Curated News:

PLOS ONE

Add to Favorites Subscribe Share
Newswise: Engineered Mosquitoes Cannot Be Infected with or Transmit Any Dengue Virus
  • Embargo expired:
    16-Jan-2020 2:00 PM EST

Engineered Mosquitoes Cannot Be Infected with or Transmit Any Dengue Virus

PLOS

Genetically engineered mosquitoes are resistant to multiple types of dengue virus (DENV), according to a study published January 16 in the open-access journal PLOS Pathogens by Prasad Paradkar of the Australian Animal Health Laboratory, and Omar Akbari of the University of California, San Diego, and colleagues. As noted by the authors, this is the first engineered approach that targets all types of DENV, which is crucial for effective disease suppression.

Channels: Cell Biology, Genetics, Infectious Diseases, Public Health, Staff Picks, PLOS ONE, All Journal News,

Released:
9-Jan-2020 4:05 PM EST
  • Embargo expired:
    16-Jan-2020 2:00 PM EST

Mosquitoes Engineered to Repel Dengue Virus

University of California San Diego

An international team of scientists has synthetically engineered mosquitoes that halt the transmission of the dengue virus. The development marks the first engineered approach in mosquitoes that targets the four known types of dengue, improving upon previous designs that addressed single strains.

Channels: Children's Health, Engineering, Immunology, Zika Virus, Southeast Asia News, PLOS ONE, All Journal News,

Released:
13-Jan-2020 2:55 PM EST
Research Results
Embargo will expire:
22-Jan-2020 2:00 PM EST
Released to reporters:
15-Jan-2020 4:05 PM EST

EMBARGOED

A reporter's PressPass is required to access this story until the embargo expires on 22-Jan-2020 2:00 PM EST

The Newswise PressPass gives verified journalists access to embargoed stories. Please log in to complete a presspass application.
If you have not yet registered, please do so. When you fill out the registration form, please identify yourself as a reporter in order to advance to the presspass application form.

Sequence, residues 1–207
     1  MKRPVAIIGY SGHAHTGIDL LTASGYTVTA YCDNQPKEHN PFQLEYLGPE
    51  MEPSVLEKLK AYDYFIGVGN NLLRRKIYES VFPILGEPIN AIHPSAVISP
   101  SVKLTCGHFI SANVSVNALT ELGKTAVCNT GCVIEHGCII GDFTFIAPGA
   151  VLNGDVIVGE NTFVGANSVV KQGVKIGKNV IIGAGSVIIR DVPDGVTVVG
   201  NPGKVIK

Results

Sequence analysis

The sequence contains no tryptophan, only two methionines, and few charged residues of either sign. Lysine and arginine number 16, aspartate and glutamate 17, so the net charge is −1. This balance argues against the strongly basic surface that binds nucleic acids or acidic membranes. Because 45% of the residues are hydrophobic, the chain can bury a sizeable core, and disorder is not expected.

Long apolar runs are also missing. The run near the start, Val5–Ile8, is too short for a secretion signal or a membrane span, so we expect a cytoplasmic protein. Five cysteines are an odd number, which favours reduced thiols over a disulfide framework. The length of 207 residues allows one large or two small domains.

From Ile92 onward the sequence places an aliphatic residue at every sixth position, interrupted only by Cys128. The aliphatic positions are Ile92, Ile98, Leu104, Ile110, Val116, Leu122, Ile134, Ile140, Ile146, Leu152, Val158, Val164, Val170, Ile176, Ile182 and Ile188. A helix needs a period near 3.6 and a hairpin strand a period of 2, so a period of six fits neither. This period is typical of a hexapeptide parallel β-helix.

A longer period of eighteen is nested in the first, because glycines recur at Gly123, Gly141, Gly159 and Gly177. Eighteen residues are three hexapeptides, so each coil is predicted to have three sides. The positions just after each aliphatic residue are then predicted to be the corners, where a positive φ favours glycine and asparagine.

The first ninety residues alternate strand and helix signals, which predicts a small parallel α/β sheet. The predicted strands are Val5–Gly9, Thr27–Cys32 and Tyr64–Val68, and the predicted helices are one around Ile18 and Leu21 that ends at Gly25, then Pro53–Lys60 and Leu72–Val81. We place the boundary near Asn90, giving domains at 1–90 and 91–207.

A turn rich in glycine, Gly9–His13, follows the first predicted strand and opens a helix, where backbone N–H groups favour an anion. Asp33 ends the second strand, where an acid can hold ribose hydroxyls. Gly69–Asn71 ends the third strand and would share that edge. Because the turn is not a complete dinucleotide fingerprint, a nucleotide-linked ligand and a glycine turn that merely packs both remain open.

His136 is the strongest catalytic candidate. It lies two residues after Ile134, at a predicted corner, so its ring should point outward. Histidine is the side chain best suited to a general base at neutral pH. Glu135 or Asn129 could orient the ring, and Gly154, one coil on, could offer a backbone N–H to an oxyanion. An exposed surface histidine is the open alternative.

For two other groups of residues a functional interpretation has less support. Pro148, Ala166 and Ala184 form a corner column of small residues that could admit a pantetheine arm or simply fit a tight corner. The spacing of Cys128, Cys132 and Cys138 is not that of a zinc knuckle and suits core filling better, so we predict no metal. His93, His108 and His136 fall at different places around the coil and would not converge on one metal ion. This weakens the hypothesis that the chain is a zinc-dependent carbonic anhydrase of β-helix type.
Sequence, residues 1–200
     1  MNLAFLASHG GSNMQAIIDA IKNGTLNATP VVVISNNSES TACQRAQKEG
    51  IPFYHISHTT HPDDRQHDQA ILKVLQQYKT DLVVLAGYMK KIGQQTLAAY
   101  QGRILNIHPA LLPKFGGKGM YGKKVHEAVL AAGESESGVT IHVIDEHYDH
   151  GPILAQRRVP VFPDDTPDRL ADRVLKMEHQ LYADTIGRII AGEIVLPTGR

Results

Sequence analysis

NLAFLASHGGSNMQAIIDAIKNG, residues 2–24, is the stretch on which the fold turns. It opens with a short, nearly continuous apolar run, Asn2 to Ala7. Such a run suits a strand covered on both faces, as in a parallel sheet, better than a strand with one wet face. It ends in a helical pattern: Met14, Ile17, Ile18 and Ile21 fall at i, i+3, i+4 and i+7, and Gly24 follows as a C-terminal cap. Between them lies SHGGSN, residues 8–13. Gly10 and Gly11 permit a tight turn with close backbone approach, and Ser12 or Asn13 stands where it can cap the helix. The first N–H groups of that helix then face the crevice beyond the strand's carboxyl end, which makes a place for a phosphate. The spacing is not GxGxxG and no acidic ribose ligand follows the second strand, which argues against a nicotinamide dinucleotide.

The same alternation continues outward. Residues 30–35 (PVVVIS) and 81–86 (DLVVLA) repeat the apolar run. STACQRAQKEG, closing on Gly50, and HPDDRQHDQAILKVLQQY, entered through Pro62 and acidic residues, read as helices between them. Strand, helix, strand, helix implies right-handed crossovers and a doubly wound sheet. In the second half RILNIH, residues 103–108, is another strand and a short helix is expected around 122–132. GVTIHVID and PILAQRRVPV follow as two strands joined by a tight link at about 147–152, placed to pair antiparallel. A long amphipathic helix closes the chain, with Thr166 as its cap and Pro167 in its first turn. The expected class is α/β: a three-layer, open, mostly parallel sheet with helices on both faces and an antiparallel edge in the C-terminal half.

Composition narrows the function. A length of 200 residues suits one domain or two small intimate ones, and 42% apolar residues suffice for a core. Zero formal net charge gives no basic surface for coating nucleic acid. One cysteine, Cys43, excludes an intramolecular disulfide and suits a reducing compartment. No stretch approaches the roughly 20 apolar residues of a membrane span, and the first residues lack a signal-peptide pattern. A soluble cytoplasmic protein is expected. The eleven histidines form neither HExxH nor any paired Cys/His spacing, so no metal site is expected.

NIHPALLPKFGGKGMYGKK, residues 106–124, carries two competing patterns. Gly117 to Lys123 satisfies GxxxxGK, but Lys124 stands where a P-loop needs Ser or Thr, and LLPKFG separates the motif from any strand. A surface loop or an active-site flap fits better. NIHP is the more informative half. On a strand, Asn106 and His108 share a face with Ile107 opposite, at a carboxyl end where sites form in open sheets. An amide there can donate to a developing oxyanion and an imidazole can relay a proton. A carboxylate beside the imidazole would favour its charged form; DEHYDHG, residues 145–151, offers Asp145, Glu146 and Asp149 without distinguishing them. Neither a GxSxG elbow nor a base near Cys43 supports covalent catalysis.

Research Results
Newswise: 'The blob,' food supply squeeze to blame for largest seabird die-off
  • Embargo expired:
    15-Jan-2020 2:00 PM EST

'The blob,' food supply squeeze to blame for largest seabird die-off

University of Washington

When nearly one million common murres died at sea and washed ashore from California to Alaska in 2015 and 2016, it was unprecedented — both for murres, and across all bird species worldwide. Scientists from the University of Washington, the U.S. Geological Survey and others blame an unexpected squeeze on the ecosystem's food supply, brought on by a severe and long-lasting marine heat wave known as "the blob."

Channels: Birds, Climate Science, Environmental Science, Marine Science, Wildlife, PLOS ONE, All Journal News,

Released:
8-Jan-2020 7:05 PM EST
Research Results
Newswise: 3tf-a9Mb9zLN3uVC5NDZd_8PG9ukCSv0kmaYmS9MhcZBXCTJ7ZEqz9ElRkBe34XC4T3rvGmKTnpv3Xd1WATU_1ta_b0GC2FklUqvs_WIUhRDoIhI6mk0L1aCI32_UC5bReIE4V1ch0fyb7MuMd3UcpEER13kb24K2x30p81k8Ltw8t8F136mugCzu_phdjrLAHnL50J7BC5U8dfIYUs=s0-
  • Embargo expired:
    15-Jan-2020 2:00 PM EST

Marine Heatwave Likely Caused Mass Starvation of Seabirds off the U.S. West Coast and Alaska

PLOS

Unprecedented numbers of common murres—North Pacific seabirds—died between 2015 and 2016. A new analysis lays out the scope of this event and suggests a potential culprit: severely reduced food supplies resulting from unusually elevated sea temperatures.